Come to Meadowcreek today and you’ll see black mounds which yesterday were fires. When the mounds have cooled, we will harvest the key ingredient for millennial soil.
Soil is our most precious natural resources. Healthy food only comes from healthy soil. Yet man is much better at destroying soil than creating it. Fertile soils all over the planet have been degraded and eroded away. Formerly powerful cities built on these soils are now ruins and abandoned. Hundreds of these abandoned cities stretch from Turkey through Jordan, Iraq and Turkmenistan into China. I’ve visited many of them and always wonder how time and again man has destroyed his own civilizations by destroying his soils. And, in doing so, releasing carbon to heat up the planet.
At Meadowcreek we are contributing to reversing this trend. We are taking the first step in making soil which should last for thousands of years. We are sequestering carbon in a form that can last for millennia: biochar.
What we now call biochar was first discovered in the Amazon. Portuguese settlers noticed mounds of rich black soil dotted the Amazon jungle. These mounds were remarkably productive year after year. Tropical jungles have notoriously thin soils. The teeming life of the jungle recycles all nutrients immediately since the high temperatures volatilizes nutrients from soil. Most of the best soils in the world are in colder climates such as Iowa and Ukraine.
But in the tropical Amazon are rich black soils rivaling the best Iowa and Ukrainian soils. These islands of rich soil surrounded by poor tropical soils were called terra preta de indio or black earth of the indians. Researchers dug down into the black mounds and found ancient biochar was their foundational ingredient. The pre-Columbian Indians used biochar to make the poor soils of the rainforest productive for harvest after harvest.
The Amazon tribes had discovered how to trap carbon in the soil. By slowly burning biomass at low temperatures with little oxygen, carbon dioxide can’t be formed. There is no oxygen to unite with the carbon. Instead the carbon links to itself forming porous material composed mainly of carbon and minerals.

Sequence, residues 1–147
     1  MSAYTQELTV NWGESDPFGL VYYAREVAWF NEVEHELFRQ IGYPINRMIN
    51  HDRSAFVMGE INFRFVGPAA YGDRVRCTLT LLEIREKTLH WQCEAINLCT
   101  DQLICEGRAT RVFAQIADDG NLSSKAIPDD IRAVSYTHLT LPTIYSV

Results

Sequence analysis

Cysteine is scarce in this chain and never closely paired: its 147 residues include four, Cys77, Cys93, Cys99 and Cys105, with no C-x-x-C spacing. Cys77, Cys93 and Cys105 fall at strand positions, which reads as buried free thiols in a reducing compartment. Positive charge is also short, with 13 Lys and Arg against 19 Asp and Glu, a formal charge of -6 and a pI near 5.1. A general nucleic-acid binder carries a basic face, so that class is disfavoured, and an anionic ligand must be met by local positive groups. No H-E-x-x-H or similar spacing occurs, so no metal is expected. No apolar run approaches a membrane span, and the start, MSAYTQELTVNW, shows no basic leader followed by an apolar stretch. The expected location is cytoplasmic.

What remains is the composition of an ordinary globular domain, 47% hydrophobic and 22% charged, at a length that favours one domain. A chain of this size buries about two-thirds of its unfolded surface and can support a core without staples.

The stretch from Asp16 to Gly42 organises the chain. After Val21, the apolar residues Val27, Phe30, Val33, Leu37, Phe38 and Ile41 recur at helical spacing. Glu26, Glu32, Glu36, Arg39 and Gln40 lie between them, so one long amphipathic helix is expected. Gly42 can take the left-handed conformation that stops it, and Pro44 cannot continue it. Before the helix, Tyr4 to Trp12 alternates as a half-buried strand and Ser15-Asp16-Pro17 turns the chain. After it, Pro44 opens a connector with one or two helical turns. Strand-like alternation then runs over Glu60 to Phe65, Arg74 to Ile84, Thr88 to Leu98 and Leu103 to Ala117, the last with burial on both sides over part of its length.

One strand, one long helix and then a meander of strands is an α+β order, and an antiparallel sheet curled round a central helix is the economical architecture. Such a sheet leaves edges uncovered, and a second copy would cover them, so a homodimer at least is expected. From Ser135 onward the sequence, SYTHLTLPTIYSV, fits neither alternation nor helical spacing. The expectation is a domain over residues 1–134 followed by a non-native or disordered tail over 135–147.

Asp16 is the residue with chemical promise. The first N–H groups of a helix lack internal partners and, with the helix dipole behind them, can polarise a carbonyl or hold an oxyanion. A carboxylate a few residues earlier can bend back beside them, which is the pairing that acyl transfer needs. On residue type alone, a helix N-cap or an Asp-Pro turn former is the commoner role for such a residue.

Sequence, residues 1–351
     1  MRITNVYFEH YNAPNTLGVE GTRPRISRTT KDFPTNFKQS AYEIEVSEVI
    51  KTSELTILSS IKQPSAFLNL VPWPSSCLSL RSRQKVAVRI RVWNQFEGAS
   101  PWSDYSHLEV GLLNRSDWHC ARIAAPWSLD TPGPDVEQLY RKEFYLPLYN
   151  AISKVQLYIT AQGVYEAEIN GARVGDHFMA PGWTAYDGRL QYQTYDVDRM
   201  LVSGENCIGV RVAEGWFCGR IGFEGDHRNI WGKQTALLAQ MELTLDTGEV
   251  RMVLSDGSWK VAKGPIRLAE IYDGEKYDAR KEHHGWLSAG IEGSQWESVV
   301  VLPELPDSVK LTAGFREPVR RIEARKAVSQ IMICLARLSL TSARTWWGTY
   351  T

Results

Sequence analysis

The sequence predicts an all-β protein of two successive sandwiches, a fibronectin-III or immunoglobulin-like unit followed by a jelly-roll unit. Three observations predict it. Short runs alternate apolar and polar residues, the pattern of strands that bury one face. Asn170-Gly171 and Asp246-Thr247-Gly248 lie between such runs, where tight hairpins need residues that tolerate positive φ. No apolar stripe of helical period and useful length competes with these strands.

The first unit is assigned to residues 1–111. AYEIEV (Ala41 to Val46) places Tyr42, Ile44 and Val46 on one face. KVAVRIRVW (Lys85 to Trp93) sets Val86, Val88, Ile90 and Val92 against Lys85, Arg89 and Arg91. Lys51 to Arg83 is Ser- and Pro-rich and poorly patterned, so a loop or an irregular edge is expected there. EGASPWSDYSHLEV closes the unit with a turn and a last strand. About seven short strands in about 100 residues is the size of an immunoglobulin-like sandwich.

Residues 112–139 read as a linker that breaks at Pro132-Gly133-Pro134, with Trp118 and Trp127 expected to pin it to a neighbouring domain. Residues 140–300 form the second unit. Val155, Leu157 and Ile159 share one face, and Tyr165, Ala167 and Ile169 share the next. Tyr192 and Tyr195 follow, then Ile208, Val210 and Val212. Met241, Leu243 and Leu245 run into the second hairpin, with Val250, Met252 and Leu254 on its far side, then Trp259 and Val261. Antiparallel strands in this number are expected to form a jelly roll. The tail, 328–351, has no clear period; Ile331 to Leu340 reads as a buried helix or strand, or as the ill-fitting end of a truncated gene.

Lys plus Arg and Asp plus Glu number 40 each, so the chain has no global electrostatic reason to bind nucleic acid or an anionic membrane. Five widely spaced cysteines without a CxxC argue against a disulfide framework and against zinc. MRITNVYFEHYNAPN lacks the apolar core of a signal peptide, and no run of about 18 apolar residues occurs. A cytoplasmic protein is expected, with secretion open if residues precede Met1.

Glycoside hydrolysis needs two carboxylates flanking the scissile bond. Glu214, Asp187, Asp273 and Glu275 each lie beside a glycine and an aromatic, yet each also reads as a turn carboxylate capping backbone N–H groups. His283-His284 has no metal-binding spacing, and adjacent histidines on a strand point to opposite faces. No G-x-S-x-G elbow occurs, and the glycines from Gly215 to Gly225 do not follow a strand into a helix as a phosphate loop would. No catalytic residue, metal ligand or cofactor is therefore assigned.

If the resulting biochar is then buried in the ground it can stay there indefinitely, keeping the carbon out of the atmosphere, and nourishing the soil. It is less prone to nutrient leaching. The carbon molecules latch onto any nutrients which pass by. These nutrients are then released by soil microorganisms for use by plants, cutting down on the need for fertilizers and reducing the emission of methane and nitrous oxides, which are also greenhouse gases. Biochar also retains water, making soils with biochar more resistant to drought and able to reduce flooding.
The smoldering piles of today are just the first step toward millennial soils. The biochar must be innoculated with earthworms, fungi and bacteria. Only living organisms can make healthy soil. Biochar is just the substrate. Soil is a living system composed of living systems. All the components of healthy soil were once living organisms.
Soil scientists have long thought of clay, sand and gravel as being the substrates for soil. Before the wonders of terra preta were discovered, they were right. Nature works with what it has. If clay, sand and gravel are all nature has, it will do its best to create soil with them.
When man provides as substrate the massively linked carbon/mineral complex called biochar, he has provided a substrate for soil formation superior to anything else we know.
A beauty of biochar is that anyone can make it. All you need is biomass, a match and a little knowledge. You’ve probably got access to the first two. Come on out to Meadowcreek and you’ll take the next step in learning how to create soil for the millennia.
Biochar by itself, however, won’t do anything. It is only a substrate. All it does is provide the best habitat for soil building organisms. It’s the living organisms colonizing the biochar which make the soil rich, productive and healthy.
So we mix soil with the biochar as soon as it cools down. The living invaders find a home better than any they’ve ever known. We love making homes for the soil critters at Meadowcreek. We take care of them and they give us healthy food.
Biochar can help your garden or farm or community be more resilient. For more examples of this quality of resilient systems known as ecological integration, see Chapter 5 of our book at this link.